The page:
Sunday, August 14, 2005

Writing as an aerobic sport?

I got myself talked into signing up for the National Novel Writer's Month contest.

50,000 words, in 30 days, in November. Works out to like 1,600 words a day.

At the end of the contest what you win is that, for better or worse, you have written a novel.

dun dun DAHHHHHH!

That's it, just the accomplishment. Then you can photocopy it on to Tyvek©, have it made into a suit and wear it around as a conversation starter. (As in, "What the hell are you wearing?")

Now, I've been writing off and on all my life. I've written hundreds of news stories, been published coast to coast a couple of times. I've written a few fiction stories, some really bad poetry, and a dozen or so outlines and ideas for "The Great American Novel".

It is that last part that is just one of the scary things about this contest. A dozen or so outlines, not a damn one to even the stage of complete draft.

Some of the ideas are really good ones. I'm not the only one who's said so. (Ok, so I'm the only one who understands what the cat says. But hey, you know how hard it is to please a cat, so it must be good stuff, right?) Unfortunately, work, laundry or mowing the yard seems to keep getting in the way.

The story ideas have come from a variety of sources, drunken summits with friends, doodling while not working at my desk... but most have come from dreams. I wake up in the pre-dawn hours and try to scribble down the remnants of the dream I was just so vividly living through. Later that morning I try to turn the scribbling into a fuller recollection of the story. Or, I look at the scribbling and vow to lay off late night visits to the fridge for leftover burritos.

None of those story ideas will be showing up in the month of November, however. One of the pieces of advice that the guy that started the contest, Chris Baty, gives you is not to bring a story that is too close to your heart into the process. It seems that Speed is the idea. Clarity is for the re-write.

It doesn't have to be entirely from scratch. The organizers, and other past participants have a variety of ways to get yourself prepared for the journey. I figure I'm going to need a basic storyline, a storyboard of sorts to describe the arc that "our hero" will take, a good conflict for he or she to come up against, and a massive amount of chocolate to get me through to the end of the month. Now, doesn't that sound easy? Not so much, no.

You see, another thing that slows me down is that I'm not so sure I have 50,000 words worth of anything to say about ANY thing. If past experience is any indication, I can say pretty much whatever I've come up with in about 1,000 - 2,500 words max. I usually get to the middle of page three and find myself staring at the end of the story. "Let's see.... Yup, said what I wanted to say, got it out of my system, wonder if the game is on yet?" So, I'm a little concerned that I'll run out of things to say, or just get bored with myself and go look for something else to do.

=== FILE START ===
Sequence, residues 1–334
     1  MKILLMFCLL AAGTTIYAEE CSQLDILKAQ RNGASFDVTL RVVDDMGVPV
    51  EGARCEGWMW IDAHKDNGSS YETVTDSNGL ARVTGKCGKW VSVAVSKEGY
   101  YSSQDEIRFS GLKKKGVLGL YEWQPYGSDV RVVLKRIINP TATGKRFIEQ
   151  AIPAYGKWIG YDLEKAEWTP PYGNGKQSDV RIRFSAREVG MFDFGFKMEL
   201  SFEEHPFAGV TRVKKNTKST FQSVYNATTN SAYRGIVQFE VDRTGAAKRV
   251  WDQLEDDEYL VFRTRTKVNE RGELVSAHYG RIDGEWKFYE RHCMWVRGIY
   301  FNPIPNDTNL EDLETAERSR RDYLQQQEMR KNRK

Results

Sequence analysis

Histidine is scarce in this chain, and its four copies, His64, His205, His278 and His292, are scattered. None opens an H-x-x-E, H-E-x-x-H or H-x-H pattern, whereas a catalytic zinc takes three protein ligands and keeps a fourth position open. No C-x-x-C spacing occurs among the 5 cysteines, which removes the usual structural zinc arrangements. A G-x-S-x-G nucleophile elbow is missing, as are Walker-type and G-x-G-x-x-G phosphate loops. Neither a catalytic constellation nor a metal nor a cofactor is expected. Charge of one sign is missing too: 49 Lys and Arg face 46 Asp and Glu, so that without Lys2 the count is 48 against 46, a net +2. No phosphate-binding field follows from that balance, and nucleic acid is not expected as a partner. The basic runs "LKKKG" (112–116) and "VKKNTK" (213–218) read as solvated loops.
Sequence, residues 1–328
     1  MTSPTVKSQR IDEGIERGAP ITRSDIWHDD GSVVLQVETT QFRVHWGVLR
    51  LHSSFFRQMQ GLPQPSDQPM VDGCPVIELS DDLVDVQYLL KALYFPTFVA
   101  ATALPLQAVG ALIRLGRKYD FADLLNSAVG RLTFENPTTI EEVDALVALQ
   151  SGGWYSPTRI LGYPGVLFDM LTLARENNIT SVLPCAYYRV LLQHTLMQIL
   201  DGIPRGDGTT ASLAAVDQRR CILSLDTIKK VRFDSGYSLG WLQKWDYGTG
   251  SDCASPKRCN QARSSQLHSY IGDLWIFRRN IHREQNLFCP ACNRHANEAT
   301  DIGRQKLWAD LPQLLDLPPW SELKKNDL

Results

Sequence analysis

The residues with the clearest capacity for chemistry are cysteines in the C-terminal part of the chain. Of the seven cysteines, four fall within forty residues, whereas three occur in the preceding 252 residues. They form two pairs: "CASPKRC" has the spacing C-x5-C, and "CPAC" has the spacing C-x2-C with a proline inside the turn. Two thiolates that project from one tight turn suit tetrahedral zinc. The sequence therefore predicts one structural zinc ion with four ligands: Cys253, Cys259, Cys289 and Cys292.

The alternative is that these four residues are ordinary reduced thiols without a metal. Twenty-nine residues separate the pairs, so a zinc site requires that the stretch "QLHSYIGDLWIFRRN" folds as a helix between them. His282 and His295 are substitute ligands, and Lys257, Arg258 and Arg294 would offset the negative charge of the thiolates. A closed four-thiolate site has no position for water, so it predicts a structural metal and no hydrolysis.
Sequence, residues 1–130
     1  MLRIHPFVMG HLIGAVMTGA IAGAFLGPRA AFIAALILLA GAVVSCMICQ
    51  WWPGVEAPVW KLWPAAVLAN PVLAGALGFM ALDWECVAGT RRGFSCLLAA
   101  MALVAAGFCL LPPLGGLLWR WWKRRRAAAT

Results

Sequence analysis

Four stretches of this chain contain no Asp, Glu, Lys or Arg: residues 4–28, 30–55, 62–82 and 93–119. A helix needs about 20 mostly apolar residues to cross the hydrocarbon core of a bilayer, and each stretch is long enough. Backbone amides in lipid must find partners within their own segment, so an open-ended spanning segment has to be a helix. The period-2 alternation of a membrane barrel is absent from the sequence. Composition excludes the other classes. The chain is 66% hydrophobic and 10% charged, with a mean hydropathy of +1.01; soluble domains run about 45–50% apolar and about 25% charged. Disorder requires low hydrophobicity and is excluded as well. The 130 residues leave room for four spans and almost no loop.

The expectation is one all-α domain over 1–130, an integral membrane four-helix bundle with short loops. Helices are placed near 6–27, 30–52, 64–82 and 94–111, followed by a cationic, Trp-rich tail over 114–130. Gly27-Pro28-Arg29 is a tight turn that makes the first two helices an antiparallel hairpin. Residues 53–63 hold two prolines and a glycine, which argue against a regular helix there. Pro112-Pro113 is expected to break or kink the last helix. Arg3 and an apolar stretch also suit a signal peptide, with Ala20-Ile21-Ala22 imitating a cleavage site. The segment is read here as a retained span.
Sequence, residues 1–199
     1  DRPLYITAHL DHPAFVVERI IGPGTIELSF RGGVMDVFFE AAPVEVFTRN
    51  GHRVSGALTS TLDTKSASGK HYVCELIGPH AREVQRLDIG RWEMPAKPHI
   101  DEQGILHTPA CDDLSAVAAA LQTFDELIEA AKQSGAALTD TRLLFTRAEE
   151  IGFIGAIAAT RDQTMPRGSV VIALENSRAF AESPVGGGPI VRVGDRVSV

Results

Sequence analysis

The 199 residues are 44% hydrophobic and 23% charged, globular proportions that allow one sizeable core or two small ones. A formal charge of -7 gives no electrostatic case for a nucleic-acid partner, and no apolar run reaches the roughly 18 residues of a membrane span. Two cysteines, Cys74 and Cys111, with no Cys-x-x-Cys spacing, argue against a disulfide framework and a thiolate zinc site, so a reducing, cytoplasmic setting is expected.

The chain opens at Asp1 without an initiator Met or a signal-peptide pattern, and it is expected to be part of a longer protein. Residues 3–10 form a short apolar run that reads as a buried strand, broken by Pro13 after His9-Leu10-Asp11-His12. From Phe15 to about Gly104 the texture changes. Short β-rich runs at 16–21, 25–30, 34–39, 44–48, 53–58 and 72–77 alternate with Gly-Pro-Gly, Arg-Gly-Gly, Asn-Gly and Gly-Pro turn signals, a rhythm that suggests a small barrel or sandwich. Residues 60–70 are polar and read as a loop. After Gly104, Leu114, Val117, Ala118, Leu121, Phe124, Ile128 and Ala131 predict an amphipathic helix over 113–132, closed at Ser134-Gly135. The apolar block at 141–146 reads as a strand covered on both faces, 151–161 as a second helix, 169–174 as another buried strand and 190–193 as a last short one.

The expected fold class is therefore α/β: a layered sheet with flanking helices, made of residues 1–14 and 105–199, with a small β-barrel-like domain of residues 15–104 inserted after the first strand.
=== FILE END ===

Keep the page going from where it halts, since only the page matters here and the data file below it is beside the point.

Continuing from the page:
To that end....

Another thing Baty suggests is getting your whole family to buy into the idea of you writing a novel.. Get them to help out while you ignore the daily junk like household chores, PTA meetings, bathing.....

Of course, after your family and friends have bought into the idea of supporting your quest, it makes it that much harder to quit unfinished.

"What happened to the book you were writing?"

"Oh, I got bored with it and decided to watch Nick at Nite for the rest of the month."

"Oh yeah, well you just drag your butt over to my house and wash dishes for a week ya welcher! You told me I was gonna be in it. I want to see my name in print, ya bum!"

"Hey, I made sure you were in the part I got done. I killed you off on page seven."


Actually, Baty has a really good book out on the experience, No Plot, No Problem.

The deadline may be the key thing. Writing under a deadline used to be the only way I could get it done. That was when I discovered that writing is aerobic. Alternating your gaze between the clock and a blank page can really get your pulse rate; Then you begin to hyperventilate.

Another scary thing is that I've been out of the writer's game for a long time. 1,600 words is a lot, just physically speaking. When you haven't written more than a couple of lines of e-mail at any one sitting in a long time, 1,600 words is guaranteed to make your fingers cramp, and your wrists hurt. Heck, it's probably inviting carpal tunnel syndrome just to think about it.

(Ah HA! Now we know who is really behind this thing...... damn doctors!!)

So, the goal is to write 1,000 - 1,500 words every day for a few weeks, then work my way up to 2,000 before November arrives.

Want to join me? There are a whole lot of us signed up for this mutual masochism party. According to the website more than 42,000 people signed up last year. Of course, it also says that only 6,000 finished. Hmm. That means that one in seven made it to the finish line. That's a batting average that wouldn't get you invited back to spring training....

On the other hand, 1,600 words seems a small price to pay to ignore lawn mowing, laundry, dishes, vacuuming, .....

Not only that , but this line puts me over 1,000 words today.

I wonder if the game is on yet?